13. The most widely spoken language in the world. Mandarin Chinese is the most widely spoken language on the planet, although of course, China is also the country with the largest population in the world at the moment. Each word can have up to four main tones plus one neutral tone, and it’s spoken differently in each area or region of China—even giving rise to dialects—in comparison to elsewhere in the country.

    14. One of the languages with the fewest vowels. Arabic is the eighth most spoken language in the world and is the official language in more than twenty countries. It is very difficult to translate, as it’s a language with very few vowels and many consonants, whose pronunciation is characterized by guttural sounds. How hard!

    15. Some languages have a lot of character. Chinese has 50,000 characters, so you need a fantastic memory to learn it. If you are studying it at the moment, don’t worry, there are many people like you who use mnemonics to help them out. However, in order to read a newspaper you “only” need to know 2,000 characters. A piece of cake!

    16. Which language came first? It is difficult to say which language is the oldest in the world. To work this out you need to take into account spoken languages and cultures with exclusively oral traditions. However, the oldest languages on written record are Hebrew, Sanskrit, Sumerian and Basque.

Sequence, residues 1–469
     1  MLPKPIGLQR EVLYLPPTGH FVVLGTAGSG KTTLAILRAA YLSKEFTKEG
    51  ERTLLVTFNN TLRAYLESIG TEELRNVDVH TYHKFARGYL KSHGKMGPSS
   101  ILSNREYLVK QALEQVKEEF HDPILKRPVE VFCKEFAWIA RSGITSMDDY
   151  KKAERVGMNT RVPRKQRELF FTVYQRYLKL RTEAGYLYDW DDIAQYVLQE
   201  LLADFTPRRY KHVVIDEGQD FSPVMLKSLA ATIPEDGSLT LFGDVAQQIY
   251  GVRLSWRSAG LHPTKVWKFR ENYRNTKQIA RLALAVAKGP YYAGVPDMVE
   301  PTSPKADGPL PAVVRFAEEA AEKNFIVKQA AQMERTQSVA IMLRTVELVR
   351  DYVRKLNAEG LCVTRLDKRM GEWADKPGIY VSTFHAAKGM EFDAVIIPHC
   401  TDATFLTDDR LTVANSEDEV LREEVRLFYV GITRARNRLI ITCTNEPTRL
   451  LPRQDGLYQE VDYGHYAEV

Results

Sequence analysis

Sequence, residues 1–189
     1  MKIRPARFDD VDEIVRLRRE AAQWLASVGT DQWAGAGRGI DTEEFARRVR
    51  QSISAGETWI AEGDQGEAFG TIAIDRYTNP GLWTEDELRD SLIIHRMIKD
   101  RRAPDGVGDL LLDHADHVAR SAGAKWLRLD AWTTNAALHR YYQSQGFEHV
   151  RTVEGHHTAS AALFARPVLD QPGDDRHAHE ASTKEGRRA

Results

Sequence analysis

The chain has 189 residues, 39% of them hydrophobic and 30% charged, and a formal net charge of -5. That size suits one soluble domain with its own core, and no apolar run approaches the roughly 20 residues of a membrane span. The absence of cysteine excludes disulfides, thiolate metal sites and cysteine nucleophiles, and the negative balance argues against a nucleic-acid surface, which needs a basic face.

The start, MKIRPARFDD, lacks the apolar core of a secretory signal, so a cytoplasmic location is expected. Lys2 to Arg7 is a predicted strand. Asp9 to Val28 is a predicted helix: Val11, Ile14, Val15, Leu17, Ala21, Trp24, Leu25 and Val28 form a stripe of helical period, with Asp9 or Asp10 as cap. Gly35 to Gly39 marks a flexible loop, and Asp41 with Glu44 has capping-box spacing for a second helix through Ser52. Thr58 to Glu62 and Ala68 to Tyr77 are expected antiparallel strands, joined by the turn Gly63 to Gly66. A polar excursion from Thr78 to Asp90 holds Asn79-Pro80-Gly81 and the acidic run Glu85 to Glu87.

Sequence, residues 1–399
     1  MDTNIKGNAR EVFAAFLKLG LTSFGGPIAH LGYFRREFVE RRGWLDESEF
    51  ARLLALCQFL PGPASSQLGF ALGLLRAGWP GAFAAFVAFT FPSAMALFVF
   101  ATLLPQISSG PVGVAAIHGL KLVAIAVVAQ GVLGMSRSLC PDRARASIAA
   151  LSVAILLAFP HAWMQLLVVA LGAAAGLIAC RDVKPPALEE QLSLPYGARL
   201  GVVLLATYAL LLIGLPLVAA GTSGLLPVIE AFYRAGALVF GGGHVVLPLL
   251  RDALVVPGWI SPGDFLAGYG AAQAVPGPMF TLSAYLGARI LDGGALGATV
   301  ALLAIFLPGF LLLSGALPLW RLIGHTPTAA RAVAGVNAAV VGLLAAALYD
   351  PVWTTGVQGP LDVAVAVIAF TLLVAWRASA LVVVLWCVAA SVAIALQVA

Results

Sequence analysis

17. Creative linguists. They say that creativity is the power of a language, but sometimes it’s better not to use it. Since the 17th century, more than 200 artificial languages have been created. Many were devised by philosophers to use among themselves, although today’s artificial languages (such as Elvish, Klingon, Na’vi and Dothraki) have been created by popular culture.

    18. Time to rhyme! Do you like poetry? We love it! However, rhyming can be complex in certain languages. E is the most common letter and vowel in English and R is its most frequently used consonant. However, there are more words beginning with the letter S. One entertaining thing about English is its long list of words that don’t rhyme with any others. For example, words like silver, angel, husband and wolf are difficult to rhyme. It takes a good poet to find words that can rhyme with them!

    Useful links

    If these interesting facts have grabbed your attention, take a look at these surprising news items about languages and other facts that you are probably not aware of.

    Rocío González

    Author Rocío González